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Mortgage payment holidays uncovered

While to most of us keeping a roof over our head is our number one priority, there are times when keeping up with mortgage payments can seem extremely difficult. There are many reasons why mortgage payments could be more difficult at certain times, including irregular pay, unusual monthly costs, or temporary loss of income.

Some mortgage lenders allow you to take a break from your payments if your circumstances suddenly change, and this is known as a ‘mortgage payment holiday’.

Taking a holiday from your mortgage repayments certainly gives you room to breathe, and will also allow you to recuperate the funds needed to get back on track. It is far better to take time away from paying the mortgage at the discretion of the lender, than to default on payments, as this can have a huge impact on future payments and the size of your overall mortgage.

However, although it is better to take a holiday, there are still implications that you must bear. A startling 1.4 million mortgage holders believe interest is frozen during payment holidays, and 6% of them think it's completely free, with no penalties administered. This, however, is not the reality.

The average holiday people take from their mortgage is about four months. During that time the interest is insidiously gathering pace in the background. At the end of the four months, the average monthly repayments will increase, but not only that, the overall outstanding amount of the mortgage rises by significantly. The amounts that you will end up paying on top each month, as well as the overall outstanding amount, will be wholly dependent on the individual mortgage.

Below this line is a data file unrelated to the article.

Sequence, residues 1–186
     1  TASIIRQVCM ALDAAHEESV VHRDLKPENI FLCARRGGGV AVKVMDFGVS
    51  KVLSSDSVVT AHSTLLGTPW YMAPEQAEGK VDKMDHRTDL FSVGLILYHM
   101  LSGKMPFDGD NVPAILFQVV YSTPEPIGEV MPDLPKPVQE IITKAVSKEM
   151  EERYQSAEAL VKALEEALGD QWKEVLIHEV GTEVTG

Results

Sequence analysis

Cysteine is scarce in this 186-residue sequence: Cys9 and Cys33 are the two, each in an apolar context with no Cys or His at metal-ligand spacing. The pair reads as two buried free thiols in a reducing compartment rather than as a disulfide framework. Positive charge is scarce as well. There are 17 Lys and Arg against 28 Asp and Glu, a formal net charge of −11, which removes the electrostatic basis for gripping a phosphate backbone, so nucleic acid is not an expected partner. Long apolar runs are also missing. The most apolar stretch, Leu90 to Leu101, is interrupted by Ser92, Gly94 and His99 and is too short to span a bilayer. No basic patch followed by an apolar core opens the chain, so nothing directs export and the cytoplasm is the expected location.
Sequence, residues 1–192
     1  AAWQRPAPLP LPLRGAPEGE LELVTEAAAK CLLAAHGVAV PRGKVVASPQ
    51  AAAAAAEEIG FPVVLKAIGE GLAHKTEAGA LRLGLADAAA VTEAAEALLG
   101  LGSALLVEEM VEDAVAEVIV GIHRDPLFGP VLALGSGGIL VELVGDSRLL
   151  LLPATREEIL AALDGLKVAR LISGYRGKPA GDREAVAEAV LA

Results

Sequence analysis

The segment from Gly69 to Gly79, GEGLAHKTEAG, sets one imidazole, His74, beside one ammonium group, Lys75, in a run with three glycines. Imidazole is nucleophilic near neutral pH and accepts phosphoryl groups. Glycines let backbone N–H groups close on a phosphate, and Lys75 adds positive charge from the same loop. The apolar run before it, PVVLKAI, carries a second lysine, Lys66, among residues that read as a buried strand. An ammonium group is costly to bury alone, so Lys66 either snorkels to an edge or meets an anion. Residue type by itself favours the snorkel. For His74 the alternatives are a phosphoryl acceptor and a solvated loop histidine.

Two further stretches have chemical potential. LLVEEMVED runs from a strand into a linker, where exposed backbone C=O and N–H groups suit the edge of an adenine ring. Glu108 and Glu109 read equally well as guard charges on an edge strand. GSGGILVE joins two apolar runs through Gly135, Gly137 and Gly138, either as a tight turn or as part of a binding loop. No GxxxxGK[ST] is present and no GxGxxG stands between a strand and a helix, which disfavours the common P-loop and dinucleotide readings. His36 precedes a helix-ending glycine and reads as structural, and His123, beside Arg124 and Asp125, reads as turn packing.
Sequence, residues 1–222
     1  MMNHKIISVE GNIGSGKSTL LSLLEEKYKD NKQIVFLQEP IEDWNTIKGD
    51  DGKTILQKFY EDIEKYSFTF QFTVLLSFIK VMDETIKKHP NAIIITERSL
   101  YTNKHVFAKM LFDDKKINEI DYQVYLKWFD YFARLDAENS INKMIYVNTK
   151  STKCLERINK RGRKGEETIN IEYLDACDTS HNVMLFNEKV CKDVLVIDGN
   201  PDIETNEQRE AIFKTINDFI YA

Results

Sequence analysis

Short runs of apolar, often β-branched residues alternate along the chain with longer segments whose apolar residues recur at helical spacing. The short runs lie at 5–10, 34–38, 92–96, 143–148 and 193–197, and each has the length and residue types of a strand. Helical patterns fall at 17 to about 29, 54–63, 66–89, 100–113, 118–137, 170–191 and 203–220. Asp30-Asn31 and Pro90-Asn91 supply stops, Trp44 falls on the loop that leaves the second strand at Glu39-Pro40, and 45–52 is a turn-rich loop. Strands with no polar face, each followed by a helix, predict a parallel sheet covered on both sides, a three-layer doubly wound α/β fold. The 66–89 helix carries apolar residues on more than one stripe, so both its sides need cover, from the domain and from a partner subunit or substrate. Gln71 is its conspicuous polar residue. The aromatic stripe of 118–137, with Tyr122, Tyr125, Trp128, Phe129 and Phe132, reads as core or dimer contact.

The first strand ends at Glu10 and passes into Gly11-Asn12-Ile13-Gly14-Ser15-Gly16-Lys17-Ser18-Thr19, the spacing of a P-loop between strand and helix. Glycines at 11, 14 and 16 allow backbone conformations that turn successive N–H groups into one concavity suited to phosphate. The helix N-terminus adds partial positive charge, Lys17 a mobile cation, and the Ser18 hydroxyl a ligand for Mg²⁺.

The Homeowner Mortgage Support Scheme
The Homeowner Mortgage Support Scheme offered those who had suffered a recent loss of income, but were expected to recover financially at a later date, the chance to find new employment and take control of their mortgage payments once more.

The scheme was voluntary, and saw mortgage lenders take more control over premiums if a borrower was unable to sustain payments, by temporarily reducing the monthly interest. The Government then guaranteed the lender against a proportion of any loss incurred on the deferred interest payments, in case the borrower defaulted. In order to qualify, borrowers will had to:

• Have suffered a loss of income from employment that is not considered long-term, but makes it impossible to sustain full mortgage payments in the short-term
• Have been making some form of regular payment and have maintained contact with the lender
• Have a mortgage worth no more than £400,000
• Have savings of below £16,000
• Have only one permanent residence
• Not be in receipt of any form of current mortgage assistance
• Be recognised as able to pay a certain monthly amount on an ongoing basis
• Have received financial advice from another party other than the lender that is responsible for their scheme

Note: This scheme ended and was closed to new entrants on 21 April 2011.

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